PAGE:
16. LC/MS Guided Isolation of Alkaloids from Lotus Leaves by pH-Zone-Refining Counter-Current Chromatography

    Directory of Open Access Journals (Sweden)

    Rui-Lin Hu

    2011-03-01

    Full Text Available The traditional methods used in natural product separation primarily target the major components and the minor components may thus be lost during the separation procedure. Consequently, it’s necessary to develop efficient methods for the preparative separation and purification of relatively minor bioactive components. In this paper, a LC/MS method was applied to guide the separation of crude extract of lotus (Nelumbo nucifera Gaertn. leaves whereby a minor component was identified in the LC/MS analysis. Afterwards, an optimized pH-zone-refining CCC method was performed to isolate this product, identified as N-demethylarmepavine. The separation procedure was carried out with a biphasic solvent system composed of hexane-ethyl acetate-methyl alcohol-water (1:6:1:6, v/v with triethylamine (10 mM added to the upper organic phase as a retainer and hydrochloric acid (5 mM to the aqueous mobile phase eluent. Two structurally similar compounds – nuciferine and roemerine – were also obtained from the crude lotus leaves extract. In total 500 mg of crude extract furnished 7.4 mg of N-demethylarmepavine, 45.3 mg of nuciferine and 26.6 mg of roemerine with purities of 90%, 92% and 96%, respectively. Their structures were further identified by HPLC/ESI-MSn, FTICR/MS and the comparison with reference compounds.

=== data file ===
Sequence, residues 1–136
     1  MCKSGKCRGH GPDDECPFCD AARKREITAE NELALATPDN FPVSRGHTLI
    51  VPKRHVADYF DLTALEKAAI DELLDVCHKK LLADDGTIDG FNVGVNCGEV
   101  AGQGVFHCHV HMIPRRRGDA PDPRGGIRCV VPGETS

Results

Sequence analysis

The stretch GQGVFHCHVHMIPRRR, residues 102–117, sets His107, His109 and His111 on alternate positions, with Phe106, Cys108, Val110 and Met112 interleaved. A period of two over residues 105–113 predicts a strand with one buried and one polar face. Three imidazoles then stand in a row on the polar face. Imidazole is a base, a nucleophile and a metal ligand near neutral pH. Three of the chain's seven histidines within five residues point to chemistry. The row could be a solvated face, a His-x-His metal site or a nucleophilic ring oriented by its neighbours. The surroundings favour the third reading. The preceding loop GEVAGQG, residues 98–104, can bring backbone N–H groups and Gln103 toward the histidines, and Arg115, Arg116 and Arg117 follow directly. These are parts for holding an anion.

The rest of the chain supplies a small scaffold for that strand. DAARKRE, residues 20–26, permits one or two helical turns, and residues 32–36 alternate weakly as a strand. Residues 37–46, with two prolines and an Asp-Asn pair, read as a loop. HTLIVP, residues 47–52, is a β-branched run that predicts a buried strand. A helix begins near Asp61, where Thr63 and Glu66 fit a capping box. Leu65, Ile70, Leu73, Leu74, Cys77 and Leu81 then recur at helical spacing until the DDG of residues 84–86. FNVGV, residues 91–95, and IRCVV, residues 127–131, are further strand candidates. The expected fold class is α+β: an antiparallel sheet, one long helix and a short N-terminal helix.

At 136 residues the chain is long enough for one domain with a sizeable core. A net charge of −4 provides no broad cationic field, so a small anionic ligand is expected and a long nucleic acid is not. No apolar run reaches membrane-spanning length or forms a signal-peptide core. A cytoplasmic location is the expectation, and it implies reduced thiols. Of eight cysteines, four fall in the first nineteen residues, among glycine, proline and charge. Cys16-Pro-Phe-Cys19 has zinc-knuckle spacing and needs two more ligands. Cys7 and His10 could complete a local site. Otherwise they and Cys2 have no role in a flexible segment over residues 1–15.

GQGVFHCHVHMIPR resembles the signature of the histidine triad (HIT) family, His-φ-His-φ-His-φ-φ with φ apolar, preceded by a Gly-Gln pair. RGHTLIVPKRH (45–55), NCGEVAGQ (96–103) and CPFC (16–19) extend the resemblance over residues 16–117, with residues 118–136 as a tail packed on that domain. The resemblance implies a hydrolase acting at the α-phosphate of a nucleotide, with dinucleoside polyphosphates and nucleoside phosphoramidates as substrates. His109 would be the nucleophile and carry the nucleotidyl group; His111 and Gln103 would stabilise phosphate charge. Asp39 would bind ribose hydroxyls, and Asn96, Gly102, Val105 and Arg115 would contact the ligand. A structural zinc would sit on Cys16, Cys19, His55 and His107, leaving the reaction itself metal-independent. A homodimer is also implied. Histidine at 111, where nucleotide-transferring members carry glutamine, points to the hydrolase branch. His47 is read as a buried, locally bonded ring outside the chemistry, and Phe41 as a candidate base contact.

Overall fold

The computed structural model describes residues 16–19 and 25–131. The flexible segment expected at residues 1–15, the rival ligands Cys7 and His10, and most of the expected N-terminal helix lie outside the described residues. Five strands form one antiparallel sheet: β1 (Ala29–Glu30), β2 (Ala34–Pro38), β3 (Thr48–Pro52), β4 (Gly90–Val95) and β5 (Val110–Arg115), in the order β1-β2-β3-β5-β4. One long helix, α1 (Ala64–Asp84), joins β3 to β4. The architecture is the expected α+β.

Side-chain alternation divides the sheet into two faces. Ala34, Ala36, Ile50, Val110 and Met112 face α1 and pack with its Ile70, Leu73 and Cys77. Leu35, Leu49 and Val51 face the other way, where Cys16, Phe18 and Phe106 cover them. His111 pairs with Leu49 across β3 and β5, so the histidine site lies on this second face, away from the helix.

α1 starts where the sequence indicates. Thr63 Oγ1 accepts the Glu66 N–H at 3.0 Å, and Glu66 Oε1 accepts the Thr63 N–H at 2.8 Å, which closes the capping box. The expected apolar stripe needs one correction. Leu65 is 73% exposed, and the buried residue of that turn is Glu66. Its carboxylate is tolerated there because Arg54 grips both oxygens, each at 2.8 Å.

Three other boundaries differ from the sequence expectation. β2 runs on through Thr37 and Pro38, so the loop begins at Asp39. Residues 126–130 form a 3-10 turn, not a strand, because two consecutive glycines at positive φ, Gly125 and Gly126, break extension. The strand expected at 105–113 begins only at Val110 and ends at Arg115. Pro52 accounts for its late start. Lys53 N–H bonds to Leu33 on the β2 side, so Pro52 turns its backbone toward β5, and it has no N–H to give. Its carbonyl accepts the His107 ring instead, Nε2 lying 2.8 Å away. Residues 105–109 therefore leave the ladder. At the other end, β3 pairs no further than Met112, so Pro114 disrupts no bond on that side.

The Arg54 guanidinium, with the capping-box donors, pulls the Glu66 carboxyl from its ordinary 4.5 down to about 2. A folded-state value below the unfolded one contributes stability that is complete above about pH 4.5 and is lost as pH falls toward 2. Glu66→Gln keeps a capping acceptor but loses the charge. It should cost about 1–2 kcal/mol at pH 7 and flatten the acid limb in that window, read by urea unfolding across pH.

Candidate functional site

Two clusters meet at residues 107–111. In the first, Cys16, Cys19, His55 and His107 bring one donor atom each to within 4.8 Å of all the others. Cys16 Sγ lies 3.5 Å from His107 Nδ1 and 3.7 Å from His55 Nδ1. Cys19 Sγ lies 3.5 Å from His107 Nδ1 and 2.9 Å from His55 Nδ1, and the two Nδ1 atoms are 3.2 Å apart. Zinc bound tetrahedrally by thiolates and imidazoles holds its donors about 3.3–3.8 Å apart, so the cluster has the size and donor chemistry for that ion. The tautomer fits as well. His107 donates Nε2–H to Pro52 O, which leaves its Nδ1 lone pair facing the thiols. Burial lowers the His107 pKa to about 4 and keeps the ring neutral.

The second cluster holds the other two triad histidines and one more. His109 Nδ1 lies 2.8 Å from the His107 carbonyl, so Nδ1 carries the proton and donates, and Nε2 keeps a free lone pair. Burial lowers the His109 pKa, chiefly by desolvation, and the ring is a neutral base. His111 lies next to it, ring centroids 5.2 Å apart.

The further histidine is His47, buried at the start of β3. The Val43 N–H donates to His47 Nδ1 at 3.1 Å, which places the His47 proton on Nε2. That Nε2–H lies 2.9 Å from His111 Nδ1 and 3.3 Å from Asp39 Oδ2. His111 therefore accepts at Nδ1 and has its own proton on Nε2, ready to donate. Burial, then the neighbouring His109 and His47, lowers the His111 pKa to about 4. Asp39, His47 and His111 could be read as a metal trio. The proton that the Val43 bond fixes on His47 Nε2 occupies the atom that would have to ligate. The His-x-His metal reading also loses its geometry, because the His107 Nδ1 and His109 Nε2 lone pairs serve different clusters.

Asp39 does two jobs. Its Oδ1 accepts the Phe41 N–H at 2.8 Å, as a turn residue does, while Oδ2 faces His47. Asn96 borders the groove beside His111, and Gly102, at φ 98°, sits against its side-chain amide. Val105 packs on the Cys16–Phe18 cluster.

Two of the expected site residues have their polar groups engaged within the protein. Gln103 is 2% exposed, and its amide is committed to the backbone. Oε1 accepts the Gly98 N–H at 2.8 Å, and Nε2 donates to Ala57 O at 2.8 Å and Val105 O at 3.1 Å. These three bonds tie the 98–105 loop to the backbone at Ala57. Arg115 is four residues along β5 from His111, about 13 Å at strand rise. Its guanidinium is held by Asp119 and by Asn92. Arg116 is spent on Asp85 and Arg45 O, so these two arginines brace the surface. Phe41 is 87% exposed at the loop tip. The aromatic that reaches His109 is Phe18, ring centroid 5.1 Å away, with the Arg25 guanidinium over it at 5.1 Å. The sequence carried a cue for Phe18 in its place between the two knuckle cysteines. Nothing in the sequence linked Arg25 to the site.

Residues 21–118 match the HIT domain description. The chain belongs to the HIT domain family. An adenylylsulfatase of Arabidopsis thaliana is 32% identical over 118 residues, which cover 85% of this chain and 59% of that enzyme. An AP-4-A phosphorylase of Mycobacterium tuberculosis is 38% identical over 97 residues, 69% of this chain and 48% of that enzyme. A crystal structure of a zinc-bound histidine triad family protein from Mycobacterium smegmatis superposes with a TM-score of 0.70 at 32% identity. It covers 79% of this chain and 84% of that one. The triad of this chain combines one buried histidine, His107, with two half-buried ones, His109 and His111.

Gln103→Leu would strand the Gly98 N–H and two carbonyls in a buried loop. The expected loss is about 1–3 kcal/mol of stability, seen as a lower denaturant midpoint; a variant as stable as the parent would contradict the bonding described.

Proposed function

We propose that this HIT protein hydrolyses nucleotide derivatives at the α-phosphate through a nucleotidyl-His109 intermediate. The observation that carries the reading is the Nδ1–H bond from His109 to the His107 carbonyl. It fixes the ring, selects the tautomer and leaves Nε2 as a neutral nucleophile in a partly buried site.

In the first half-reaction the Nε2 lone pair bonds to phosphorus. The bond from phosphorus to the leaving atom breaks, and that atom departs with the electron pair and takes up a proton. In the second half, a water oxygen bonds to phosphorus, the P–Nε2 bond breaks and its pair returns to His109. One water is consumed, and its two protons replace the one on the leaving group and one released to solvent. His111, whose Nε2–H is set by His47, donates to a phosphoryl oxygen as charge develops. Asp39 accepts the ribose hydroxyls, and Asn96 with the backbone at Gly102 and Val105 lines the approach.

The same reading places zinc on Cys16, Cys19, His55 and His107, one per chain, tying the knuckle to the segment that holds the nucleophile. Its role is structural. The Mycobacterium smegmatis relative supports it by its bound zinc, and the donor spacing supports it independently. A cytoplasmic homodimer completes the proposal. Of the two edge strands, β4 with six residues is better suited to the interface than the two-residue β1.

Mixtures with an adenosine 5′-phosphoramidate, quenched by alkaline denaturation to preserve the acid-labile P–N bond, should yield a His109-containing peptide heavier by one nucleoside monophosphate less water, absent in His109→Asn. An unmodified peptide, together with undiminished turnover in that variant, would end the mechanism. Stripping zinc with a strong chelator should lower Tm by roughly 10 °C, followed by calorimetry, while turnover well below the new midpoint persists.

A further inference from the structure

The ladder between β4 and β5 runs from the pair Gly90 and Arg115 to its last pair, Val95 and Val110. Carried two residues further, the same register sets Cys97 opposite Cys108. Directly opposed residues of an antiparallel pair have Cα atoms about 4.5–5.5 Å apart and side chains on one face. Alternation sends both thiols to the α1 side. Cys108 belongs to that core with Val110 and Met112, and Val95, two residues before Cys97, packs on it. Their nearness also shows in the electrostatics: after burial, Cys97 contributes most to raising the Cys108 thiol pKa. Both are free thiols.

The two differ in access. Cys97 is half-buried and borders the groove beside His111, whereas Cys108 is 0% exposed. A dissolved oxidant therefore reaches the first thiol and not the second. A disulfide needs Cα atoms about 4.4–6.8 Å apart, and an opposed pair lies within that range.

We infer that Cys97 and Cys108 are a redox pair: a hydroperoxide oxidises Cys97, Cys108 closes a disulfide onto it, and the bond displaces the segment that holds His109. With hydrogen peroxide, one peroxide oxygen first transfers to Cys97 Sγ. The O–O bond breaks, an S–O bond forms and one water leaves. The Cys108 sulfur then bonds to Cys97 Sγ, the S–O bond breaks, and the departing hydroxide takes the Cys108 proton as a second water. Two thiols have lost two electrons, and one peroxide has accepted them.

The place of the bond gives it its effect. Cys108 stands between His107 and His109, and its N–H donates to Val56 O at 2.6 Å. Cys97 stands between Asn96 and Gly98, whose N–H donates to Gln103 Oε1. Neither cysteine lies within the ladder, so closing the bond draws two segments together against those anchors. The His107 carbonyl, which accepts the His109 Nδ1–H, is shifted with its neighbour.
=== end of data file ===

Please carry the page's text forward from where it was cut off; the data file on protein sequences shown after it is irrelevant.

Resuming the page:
17. Enhanced Microbial, Functional and Sensory Properties of Herbal Yogurt Fermented with Korean Traditional Plant Extracts

    Science.gov (United States)

    Joung, Jae Yeon; Lee, Ji Young; Ha, Young Sik; Shin, Yong Kook; Kim, Younghoon; Kim, Sae Hun; Oh, Nam Su

    2016-01-01

    This study evaluated the effects of two Korean traditional plant extracts (Diospyros kaki THUNB. leaf; DK, and Nelumbo nucifera leaf; NN) on the fermentation, functional and sensory properties of herbal yogurts. Compared to control fermentation, all plant extracts increased acidification rate and reduced the time to complete fermentation (pH 4.5). Supplementation of plant extracts and storage time were found to influence the characteristics of the yogurts, contributing to increased viability of starter culture and phenolic compounds. In particular, the increase in the counts of Streptococcus thermophilus and Lactobacillus delbrueckii subsp. bulgaricus was highest (2.95 and 1.14 Log CFU/mL respectively) in DK yogurt. Furthermore, supplementation of the plant extracts significantly influenced to increase the antioxidant activity and water holding capacity and to produce volatile compounds. The higher antioxidant activity and water holding capacity were observed in NN yogurt than DK yogurt. Moreover, all of the sensory characteristics were altered by the addition of plant extracts. Addition of plant extracts increased the scores related to flavor, taste, and texture from plain yogurt without a plant extract, as a result of volatile compounds analysis. Thus, the overall preference was increased by plant extracts. Consequently, supplementation of DK and NN extracts in yogurt enhanced the antioxidant activity and physical property, moreover increased the acceptability of yogurt. These findings demonstrate the possibility of using plant extracts as a functional ingredient in the manufacture of herbal yogurt. PMID:27499669